As a former English teacher who worked a lot with literacy, it is always wonderful to hear how a book affected someone's ife when they were young. I have been a reader all my life and raised three book lovers who read even though they are busy with their own kids. I have two grands who read and love to go to the bookstore with me. The three toddlers all have books they play with and books they have read to them. The four year old sleeps with her favorites.

Form your description, I am adding Starship Troopers to my "To Read" list!

Joelogon said...

Re: the badness of the movie -- director Paul Verhoven claimed at the time that he made the film specifically evoking WWII propaganda films, and to make a statement about totalitarianism. No one really believed him at the time, but history seems to have validated this explanation.

Plus, the nude scene in the co-ed showers is pretty hot.

Gunfighter said...

I don't know about the validation of what Verhooven was babbling about,, and I can't speak to the shower seen as I didn't see it.

All I can say is that if you really loved that book, I don't see how it is possible to have loved that movie.

Joelogon said...

Easy: Compartmentalization. (Or at least being more accepting of the differences crossing media.) While I don't love the movie, I enjoy it for what it is. It's kind of like the difference between Dune the book, and Dune the David Lynch movie -- practically unrelated (and the movie has its own problems, like being virtually incomprehensible), but each has its own charm.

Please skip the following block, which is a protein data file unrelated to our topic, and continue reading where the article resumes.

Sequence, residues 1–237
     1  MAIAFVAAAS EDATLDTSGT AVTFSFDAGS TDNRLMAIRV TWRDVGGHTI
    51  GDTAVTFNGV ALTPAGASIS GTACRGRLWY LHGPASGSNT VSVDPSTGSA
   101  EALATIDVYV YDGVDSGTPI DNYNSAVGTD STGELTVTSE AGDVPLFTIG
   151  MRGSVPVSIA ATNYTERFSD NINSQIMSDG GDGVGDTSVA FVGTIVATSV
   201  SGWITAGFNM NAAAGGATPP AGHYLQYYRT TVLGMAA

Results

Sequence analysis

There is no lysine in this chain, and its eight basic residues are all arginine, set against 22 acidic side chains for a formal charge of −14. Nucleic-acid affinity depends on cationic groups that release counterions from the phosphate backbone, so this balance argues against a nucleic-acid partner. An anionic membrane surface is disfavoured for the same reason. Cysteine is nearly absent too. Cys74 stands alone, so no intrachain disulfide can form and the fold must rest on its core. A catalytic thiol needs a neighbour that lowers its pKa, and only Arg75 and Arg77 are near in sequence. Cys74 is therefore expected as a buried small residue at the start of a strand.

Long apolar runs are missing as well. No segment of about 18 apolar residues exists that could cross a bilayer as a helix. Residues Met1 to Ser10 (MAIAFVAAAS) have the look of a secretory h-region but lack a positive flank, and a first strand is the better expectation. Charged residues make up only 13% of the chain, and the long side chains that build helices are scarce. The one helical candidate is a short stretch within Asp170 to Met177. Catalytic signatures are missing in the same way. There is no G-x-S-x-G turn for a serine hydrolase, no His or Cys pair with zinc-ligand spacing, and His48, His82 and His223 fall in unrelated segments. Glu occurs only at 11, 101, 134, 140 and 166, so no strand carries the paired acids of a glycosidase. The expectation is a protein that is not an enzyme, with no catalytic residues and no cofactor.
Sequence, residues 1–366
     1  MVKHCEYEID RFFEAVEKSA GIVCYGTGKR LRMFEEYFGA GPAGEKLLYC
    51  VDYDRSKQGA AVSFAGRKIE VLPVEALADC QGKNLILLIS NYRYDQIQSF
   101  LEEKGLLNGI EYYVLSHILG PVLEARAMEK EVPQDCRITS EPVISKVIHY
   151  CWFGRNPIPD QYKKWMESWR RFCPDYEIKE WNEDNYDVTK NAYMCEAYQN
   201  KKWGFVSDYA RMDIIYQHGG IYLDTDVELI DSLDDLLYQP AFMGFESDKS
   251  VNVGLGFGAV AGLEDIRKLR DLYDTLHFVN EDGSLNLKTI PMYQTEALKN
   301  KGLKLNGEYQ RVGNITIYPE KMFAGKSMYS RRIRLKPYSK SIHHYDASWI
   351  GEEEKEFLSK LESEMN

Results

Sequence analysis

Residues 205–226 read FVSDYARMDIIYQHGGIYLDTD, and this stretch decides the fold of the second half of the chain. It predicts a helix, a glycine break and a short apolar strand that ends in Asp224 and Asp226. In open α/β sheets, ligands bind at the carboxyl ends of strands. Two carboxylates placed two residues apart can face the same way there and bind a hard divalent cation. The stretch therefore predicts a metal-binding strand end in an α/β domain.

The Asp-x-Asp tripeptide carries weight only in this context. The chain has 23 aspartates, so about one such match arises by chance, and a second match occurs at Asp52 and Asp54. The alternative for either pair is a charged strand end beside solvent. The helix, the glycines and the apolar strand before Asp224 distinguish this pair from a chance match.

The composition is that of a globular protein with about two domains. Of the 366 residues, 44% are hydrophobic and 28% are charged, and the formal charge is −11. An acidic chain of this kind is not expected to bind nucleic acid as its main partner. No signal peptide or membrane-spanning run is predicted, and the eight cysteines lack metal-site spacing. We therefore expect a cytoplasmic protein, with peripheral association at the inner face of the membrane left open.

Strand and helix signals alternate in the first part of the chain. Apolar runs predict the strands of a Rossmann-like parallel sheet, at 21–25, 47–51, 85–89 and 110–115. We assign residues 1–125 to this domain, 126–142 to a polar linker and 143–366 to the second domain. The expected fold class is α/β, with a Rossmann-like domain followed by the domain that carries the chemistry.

Gunfighter said...

Fair enough,... I'm just not that smart or that deep.

I can't compartmentalize when it comes to books that were special to me being made into movies.

I read Dune as a teen, and say the Kyle McLachlan movie, and was able to enjoy it... but then, the book was just something to read for me... it wasn't particularly special. (Sci-fi heresy, I know)

NYD said...

Anyone who has read this book and understood what Heinlein was talking about is alright with me. The overall military overtones were nothing but a way for him to tell people to stand up and do what is right. Those who are too weak to contribute to society (no matter where you are living) are nothing more than pets who get the occasional pat and a dish of grub.

melissa said...

I LOVE this book! Especially the idea of voting being tied to service. I always thought that was really brilliant, even in HS. It's been a while, but wasn't there also a stipulation that if you could vote, you HAD to?